Since the Western media is often critical of China and often exaggerates events in Tibet to make China look bad, I was surprised while reading The Last Secrets of the Forbidden City Head to the U.S. by Auston Ramzy.
I was surprised that evidence like this slipped past the Western media censors—sorry, in the West they are called editors.
The TIME piece was about an exhibit traveling to the United States with treasures from the Forbidden City that have not been seen since 1924.
I read, “Many of the 18th century objects that will be displayed are symbols of the emperor’s devout Buddhism. They include a hanging panel filed with niches that hold intricate figurines of Buddhas, deities and historical teachers from the Tibetan Buddhist sect to which [Emperor] Qianlong belonged.” See Buddhism in China
I didn’t know the powerful Qianlong Emperor followed the teachings of Buddhists from Tibet. There are four Buddhist sects in Tibet. The Dalai Lama is the spiritual leader of one of the four, the Yellow Hat sect.
Why would the Qianlong Emperor belong to a Tibetan sect of Buddhism if Tibet were not considered part of China at the time? There is even evidence that Tibetan Buddhist monks traveled to the capital of China to serve the emperors.
I saw this as more evidence that proves China considered Tibet a vassal state or tributary. In fact, Yuan, Ming and Qing Dynasty troops are known to have occupied Lhasa over the centuries.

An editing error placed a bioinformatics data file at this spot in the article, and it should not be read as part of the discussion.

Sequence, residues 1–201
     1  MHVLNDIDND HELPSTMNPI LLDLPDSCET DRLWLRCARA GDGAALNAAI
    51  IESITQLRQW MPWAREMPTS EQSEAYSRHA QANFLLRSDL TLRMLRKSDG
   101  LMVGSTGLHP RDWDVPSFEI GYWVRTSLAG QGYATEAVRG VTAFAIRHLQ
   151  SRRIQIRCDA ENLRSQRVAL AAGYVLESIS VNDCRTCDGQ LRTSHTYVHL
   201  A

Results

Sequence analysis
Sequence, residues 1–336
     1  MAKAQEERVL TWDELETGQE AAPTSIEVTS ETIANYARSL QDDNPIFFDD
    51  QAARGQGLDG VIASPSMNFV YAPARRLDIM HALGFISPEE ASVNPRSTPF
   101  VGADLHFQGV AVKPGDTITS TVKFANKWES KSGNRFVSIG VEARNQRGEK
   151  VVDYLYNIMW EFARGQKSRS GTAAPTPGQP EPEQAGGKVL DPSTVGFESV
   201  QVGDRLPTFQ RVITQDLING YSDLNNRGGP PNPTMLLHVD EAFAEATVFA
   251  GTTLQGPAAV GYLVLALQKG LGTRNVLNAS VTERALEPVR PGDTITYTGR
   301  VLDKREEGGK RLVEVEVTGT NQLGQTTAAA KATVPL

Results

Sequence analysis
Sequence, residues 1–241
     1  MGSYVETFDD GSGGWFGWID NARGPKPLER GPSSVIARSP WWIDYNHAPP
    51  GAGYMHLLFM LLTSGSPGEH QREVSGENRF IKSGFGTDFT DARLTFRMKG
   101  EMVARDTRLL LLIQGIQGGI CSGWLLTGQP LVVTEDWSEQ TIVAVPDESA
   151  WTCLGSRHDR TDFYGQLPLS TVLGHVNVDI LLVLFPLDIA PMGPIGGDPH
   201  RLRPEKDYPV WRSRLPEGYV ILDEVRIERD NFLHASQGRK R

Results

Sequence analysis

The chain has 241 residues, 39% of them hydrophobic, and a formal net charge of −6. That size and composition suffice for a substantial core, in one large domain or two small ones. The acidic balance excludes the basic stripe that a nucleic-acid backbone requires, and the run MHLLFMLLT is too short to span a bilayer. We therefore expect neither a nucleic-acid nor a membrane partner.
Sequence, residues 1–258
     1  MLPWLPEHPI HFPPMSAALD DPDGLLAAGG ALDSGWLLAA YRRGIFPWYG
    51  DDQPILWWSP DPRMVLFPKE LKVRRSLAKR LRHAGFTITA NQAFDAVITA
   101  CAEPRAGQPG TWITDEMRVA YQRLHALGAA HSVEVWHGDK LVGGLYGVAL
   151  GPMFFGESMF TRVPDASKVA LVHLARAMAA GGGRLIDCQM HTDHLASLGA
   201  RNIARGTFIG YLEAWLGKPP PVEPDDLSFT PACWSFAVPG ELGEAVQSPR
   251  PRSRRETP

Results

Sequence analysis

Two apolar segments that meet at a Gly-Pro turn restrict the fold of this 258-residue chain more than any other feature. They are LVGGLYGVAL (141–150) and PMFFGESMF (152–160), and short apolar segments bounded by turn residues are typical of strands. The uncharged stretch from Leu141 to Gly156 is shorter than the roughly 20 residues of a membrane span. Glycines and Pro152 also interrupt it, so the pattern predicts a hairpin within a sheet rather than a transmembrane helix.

I’ve written about primary evidence from the October 1912 National Geographic Magazine that described how the Imperial government in Beijing managed a difficult Tibet, and I’ve mentioned letters Sir Robert Hart wrote in the 19th century that also mention Tibet as part of China.
In 1890, a Convention between Great Britain and China was signed—more proof that China considered Tibet part of its realm and Great Britain agreed.
Yes, Tibet did declare freedom from China in 1913 soon after the Qing Dynasty collapsed and China fell into chaos and anarchy while warlords fought over the spoils.
The British Empire convinced Tibet to break from China.
It is also a fact that in 1950, after World War II and the end of the rebellion between Chiang Kai-shek’s Nationalists and Chinese Communists that Mao invaded Tibet and reoccupied what the Chinese considered a breakaway province as mainland China still considers Taiwan.
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